Jeweler recants story about killing, burning wife

The News Leader

February 15, 2010 12:10:48 PM PST
Werner Lippe knows a lot about fire. The 68-year-old jeweler, on trial on charges of killing and incinerating his wife, used a propane-and-oxygen torch to melt platinum and gold in his home workshop. He kept a 55-gallon oil drum as a burn barrel to get rid of trash, tomato plants, even the carcass of a deer he shot to protect his vegetable garden. When his mother died and her body was being prepared for cremation, Lippe testified that he asked a mortician, "By the way, how do you burn people?"

Prosecutors believe Lippe mastered that skill, using the barrel in 2008 to burn up the body of his 49-year-old wife, Faith Lippe, who was divorcing him. The drum disappeared soon after Faith Lippe did; her body hasn't been found.

Westchester County jurors have heard more than two weeks of testimony at Lippe's murder trial. They are expected to hear closing arguments and begin deliberating Tuesday. He faces 25 years to life in prison if convicted.

Prosecutors presented jurors with multiple confessions. The jury has repeatedly heard a recording of him saying, "I hit her with a piece of wood. ... I dumped her in the barrel and burned her" and details like the color of the ash that Faith Lippe's body was reduced to.

Lippe now insists the confessions were made-up stories concocted to get dogged investigators off his back until he could make his case to a judge.

During two days of testimony last week, he spoke coolly and confidently about the intricacies of jewelry making, dangerous acids and high-temperature flames. He said it was just his curiosity that prompted him to talk to the mortician and to ask a friend, after his wife disappeared, how deep a body would have to be buried to fool cadaver dogs.

Defense lawyer Andrew Rubin says Lippe was neither strong enough nor clever enough to pull off the murder.

Born in Poland, Lippe grew up in Austria and went to Germany to study jewelry-making. He came to New York in 1979 and became a topflight craftsman and goldsmith, with his own business in Manhattan's diamond district 40 miles from his Cortlandt home.

He considers his client list confidential, but grudgingly admitted on the stand that he made pieces for Donald Trump and Yoko Ono. An employee said some of Lippe's pieces sold for hundreds of thousands of dollars.

Lippe was married twice in Europe. The first marriage lasted two years, the second eight weeks, he said.

He met his third wife, Faith, in New York. About 17 years younger than him, she had been in the fashion business but concentrated on home and children after they married in 1990, he said. At the time of her death at age 49, she was a part-time nutrition consultant to the Ossining schools.

In recent years, the marriage became contentious. Lippe told prosecutor Christine O'Connor that the couple argued constantly.

He had his son Andrew, now 15, secretly tape arguments for ammunition in the divorce.

"Your control-freakness has to stop. I will stop this. I guarantee it," Lippe told his wife in one recording played at trial.

It seemed both spouses wanted out. Werner Lippe, an accomplished skier, said he wanted to move to a log cabin near the slopes in Utah. His wife wanted no part of it, he said.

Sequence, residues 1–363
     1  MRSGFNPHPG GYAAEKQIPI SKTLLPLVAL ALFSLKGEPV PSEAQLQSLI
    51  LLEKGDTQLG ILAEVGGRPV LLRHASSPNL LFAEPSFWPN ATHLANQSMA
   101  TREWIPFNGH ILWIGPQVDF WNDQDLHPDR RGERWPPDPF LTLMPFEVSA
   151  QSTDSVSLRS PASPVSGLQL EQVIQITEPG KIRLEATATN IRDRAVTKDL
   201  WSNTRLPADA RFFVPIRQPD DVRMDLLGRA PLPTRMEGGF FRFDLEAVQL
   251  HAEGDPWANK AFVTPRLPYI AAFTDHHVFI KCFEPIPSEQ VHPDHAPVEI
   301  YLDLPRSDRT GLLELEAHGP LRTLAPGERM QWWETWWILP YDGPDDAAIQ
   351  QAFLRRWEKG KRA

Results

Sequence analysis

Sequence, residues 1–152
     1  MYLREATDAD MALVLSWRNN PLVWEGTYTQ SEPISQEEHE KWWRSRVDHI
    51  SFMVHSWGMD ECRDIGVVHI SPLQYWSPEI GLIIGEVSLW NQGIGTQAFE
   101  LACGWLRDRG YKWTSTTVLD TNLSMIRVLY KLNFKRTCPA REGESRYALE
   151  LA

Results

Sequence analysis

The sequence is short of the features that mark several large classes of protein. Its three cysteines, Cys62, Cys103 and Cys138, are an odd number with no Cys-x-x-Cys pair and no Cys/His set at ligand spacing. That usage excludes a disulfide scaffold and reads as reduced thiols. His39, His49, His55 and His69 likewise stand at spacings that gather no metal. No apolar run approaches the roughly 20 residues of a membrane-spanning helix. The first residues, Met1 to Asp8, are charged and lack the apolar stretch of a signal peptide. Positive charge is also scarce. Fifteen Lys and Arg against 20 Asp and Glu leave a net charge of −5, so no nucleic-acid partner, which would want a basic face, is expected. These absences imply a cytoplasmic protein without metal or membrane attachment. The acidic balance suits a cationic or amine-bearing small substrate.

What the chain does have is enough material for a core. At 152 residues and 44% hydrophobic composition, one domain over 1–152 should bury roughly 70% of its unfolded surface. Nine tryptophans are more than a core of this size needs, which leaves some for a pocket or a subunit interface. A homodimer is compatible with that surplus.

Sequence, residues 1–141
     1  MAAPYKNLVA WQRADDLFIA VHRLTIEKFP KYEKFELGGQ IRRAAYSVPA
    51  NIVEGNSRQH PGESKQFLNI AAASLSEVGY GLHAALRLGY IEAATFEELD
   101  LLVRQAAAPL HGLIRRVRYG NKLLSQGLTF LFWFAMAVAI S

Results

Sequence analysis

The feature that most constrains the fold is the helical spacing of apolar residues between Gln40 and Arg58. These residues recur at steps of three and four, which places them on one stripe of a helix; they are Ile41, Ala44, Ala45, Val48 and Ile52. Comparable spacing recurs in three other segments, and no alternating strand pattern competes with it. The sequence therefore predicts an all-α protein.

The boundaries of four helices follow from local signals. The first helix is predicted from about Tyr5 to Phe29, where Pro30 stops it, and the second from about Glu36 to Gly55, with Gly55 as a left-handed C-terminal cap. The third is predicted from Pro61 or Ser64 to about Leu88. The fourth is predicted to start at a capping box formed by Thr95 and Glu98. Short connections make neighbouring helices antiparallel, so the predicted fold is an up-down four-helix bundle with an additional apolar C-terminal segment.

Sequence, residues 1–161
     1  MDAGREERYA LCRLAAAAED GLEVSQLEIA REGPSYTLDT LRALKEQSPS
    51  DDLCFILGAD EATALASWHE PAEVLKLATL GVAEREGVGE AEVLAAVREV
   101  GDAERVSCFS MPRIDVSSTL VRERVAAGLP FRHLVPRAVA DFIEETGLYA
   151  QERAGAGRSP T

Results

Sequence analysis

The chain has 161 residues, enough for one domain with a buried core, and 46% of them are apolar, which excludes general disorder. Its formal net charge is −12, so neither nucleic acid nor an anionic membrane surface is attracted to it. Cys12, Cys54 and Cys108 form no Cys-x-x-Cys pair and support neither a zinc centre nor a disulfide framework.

She served divorce papers, and he was fighting her claims for child support and maintenance. He envisioned that Andrew would go off with him, while their daughter Stephanie, now 13, would stay with her mother.

A meeting about the divorce between the Lippes, their lawyers, their children and their law guardians was scheduled for Oct. 7, 2008.

On Oct. 3, Faith Lippe missed several appointments. Her husband said he saw her being driven away in an SUV but could not see who was at the wheel. Her handbag was still at home.

Lippe said he became concerned when she did not return that night, but he did not call her cell phone.

The next day, he said, he drove an hour to ask a friend in Connecticut about the rules for filing a missing-person report. He had lunch and checked on his boat at a marina before coming home and calling 911.

Within a few days, state police with dogs searched the grounds of Lippe's home looking for his wife. They noticed, but did not confiscate, the burn barrel.

Later that month, Lippe confessed to a friend, James Learnihan, that he burned his wife's body. Learnihan was wearing a wire at the behest of investigators.

"She doesn't exist anymore," Lippe said in one taped conversation. "They cannot find her. It's impossible. ... I burned her in a barrel."

He said he hit his wife in the head with a piece of wood to knock her out, then shoved her into the barrel. "She burned for close to 24 hours," he said.

State police surprised Lippe with Learnihan's recording and he confessed again, describing to them the silver-gray color of the ash.

But he recanted his confessions after he was arrested. He said he made up the story because he was afraid of Learnihan and feared he was being framed. He said he repeated the story to police because they weren't listening to his claims of innocence.

Lippe testified that he thought he would eventually be able to explain to a prosecutor or judge and be let off. They would have more education and a "higher IQ" than police officers, he testified.

When police went to find the burn barrel, it was gone. Lippe said he had innocently thrown it out.

Prosecutors displayed photos that showed the barrel would have fit into Lippe's Audi.


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